Signy Svalastoga, head of the Sir John Cass School of Architecture has died, aged 61, after a short illness
Born in 1957, Svalastoga was educated in Norway and at the Architectural Association, London, before working in practices including Zaha Hadid Architects (ZHA).
While at ZHA, Svalastoga was responsible for the design development of the Vitra Fire Station in Weil am Rhein, Germany, among the first of Hadid’s projects to be built.
Svalastoga was passionate about architecture education and taught in London architecture schools for 25 years.
She was head of architecture at the University of East London from 2004 to 2008 before moving to London Metropolitan University’s Sir John Cass School of Art.
Paying tribute, Takero Shimazaki, of Takero Shimazaki Architects, said Svalastoga was ’an incredibly open and supportive educator’.
’She was always there for any guidance we needed in order for us to help and support our students achieve to their maximum capabilities. There was that trust that the units and the agendas were well supported by her and the school at all times.
’Her own teaching inspired the students to explore their subjective and observational agendas through sensitive and delicate, often hand-drawn, crafted techniques to tackle landscape and urban issues in architecture.
’Her tactile and grounded approach to architectural design and teaching will be greatly missed by the students and the colleagues.’
Svalastoga leaves behind her husband David, her children Rikard and Leah and the many colleagues, graduates, and students she has supported.
Deborah Saunt, director, DSDHA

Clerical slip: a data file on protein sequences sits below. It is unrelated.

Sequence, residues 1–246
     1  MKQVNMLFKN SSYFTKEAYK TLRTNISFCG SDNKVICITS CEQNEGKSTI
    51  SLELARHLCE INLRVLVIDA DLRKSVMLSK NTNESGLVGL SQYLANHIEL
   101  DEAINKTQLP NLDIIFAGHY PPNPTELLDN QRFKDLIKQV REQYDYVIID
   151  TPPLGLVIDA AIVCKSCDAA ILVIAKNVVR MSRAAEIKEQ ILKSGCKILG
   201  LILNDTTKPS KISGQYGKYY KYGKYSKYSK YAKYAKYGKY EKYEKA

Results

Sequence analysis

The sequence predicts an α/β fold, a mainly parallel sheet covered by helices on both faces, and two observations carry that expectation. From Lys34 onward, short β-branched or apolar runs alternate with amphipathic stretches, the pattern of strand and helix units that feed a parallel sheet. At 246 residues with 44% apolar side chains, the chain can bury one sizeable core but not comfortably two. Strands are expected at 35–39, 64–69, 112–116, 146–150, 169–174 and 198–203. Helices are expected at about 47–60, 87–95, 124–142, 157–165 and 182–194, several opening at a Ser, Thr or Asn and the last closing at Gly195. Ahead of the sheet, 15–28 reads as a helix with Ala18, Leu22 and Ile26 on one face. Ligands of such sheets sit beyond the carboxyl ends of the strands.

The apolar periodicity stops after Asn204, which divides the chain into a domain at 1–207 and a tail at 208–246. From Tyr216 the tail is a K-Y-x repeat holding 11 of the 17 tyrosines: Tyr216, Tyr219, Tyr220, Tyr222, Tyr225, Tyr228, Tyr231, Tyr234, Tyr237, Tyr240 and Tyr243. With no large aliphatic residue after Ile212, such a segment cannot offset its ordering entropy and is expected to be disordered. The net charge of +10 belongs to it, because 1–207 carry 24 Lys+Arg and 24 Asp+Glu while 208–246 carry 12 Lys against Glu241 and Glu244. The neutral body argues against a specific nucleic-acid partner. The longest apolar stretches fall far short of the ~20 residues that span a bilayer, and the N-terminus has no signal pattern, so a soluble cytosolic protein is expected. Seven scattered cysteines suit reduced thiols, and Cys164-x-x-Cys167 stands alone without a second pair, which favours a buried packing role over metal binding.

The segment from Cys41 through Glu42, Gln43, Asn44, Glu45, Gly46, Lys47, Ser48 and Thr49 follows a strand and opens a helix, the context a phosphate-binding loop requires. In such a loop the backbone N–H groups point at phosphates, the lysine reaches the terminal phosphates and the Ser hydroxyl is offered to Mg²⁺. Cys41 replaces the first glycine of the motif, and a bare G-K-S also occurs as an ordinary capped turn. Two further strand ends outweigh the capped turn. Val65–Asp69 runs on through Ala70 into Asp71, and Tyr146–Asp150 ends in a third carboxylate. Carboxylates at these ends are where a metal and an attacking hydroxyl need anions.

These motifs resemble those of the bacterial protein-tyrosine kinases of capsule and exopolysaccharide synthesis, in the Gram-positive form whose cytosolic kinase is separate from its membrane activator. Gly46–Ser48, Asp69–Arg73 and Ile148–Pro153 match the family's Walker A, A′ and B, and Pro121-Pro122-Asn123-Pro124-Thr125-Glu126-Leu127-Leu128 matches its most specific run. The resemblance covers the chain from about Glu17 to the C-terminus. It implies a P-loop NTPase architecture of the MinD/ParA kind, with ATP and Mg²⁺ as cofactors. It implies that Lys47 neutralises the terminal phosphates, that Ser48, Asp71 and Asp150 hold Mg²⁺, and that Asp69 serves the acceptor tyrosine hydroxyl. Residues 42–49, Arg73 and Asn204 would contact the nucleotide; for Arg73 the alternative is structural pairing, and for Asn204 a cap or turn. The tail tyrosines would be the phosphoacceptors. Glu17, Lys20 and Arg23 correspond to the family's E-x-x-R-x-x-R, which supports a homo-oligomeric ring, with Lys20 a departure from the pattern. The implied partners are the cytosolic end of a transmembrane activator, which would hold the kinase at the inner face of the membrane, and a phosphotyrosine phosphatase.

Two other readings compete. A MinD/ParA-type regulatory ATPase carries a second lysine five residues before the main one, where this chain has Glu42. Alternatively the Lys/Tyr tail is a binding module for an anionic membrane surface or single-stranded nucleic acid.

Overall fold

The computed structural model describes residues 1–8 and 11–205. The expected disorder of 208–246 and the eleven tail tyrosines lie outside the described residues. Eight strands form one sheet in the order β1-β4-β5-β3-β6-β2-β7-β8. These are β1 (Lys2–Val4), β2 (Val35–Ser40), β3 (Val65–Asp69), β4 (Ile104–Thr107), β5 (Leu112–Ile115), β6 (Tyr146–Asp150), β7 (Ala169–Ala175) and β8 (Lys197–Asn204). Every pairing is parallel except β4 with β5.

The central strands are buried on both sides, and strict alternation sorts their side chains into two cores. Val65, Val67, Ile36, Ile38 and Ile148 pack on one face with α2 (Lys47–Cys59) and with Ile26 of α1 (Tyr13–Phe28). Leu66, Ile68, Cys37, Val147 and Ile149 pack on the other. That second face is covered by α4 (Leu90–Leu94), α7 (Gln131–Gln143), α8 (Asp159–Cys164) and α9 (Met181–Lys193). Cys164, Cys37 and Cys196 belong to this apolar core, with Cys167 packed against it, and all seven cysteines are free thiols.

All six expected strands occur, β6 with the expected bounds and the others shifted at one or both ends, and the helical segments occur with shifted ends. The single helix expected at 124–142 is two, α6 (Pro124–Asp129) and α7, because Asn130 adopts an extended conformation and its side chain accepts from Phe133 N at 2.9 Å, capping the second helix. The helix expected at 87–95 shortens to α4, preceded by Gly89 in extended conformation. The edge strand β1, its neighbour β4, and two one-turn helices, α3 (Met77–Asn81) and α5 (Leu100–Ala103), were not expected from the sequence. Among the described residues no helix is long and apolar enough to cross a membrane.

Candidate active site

She leaves behind her a huge legacy of enlightened architects and thinkers who have gone out to shape the world, made more aware of the widest possible interpretation of architecture’s role within the environment, both natural and man-made. Thanks to Signy’s unique approach to teaching an ability to sense space and to design with care, their connection with specificity of place and an appreciation of materiality and form was nurtured. I first met her when I was an External Examiner at London Met, when Robert Mull was beginning to work his magic in weaving together a wide range of teachers in the diploma school.
Her studio produced earth-bound work, on extraordinary sites, with a wealth of beautiful landscape models and drawings that drew on hidden histories. Her spatial thoughtfulness complimented the more building-focused culture found in other units. I later joined the faculty and enjoyed her collaborative spirit, and relished seeing the tactile, evocative work her students had made whenever we shared reviews. And, of course, I was also thankful for the furrow that Signy had cut, as one of the few women teachers in architecture at the time. Having her as an anchor at the school over the years was important as practitioners came and went, and she will be greatly missed by so many.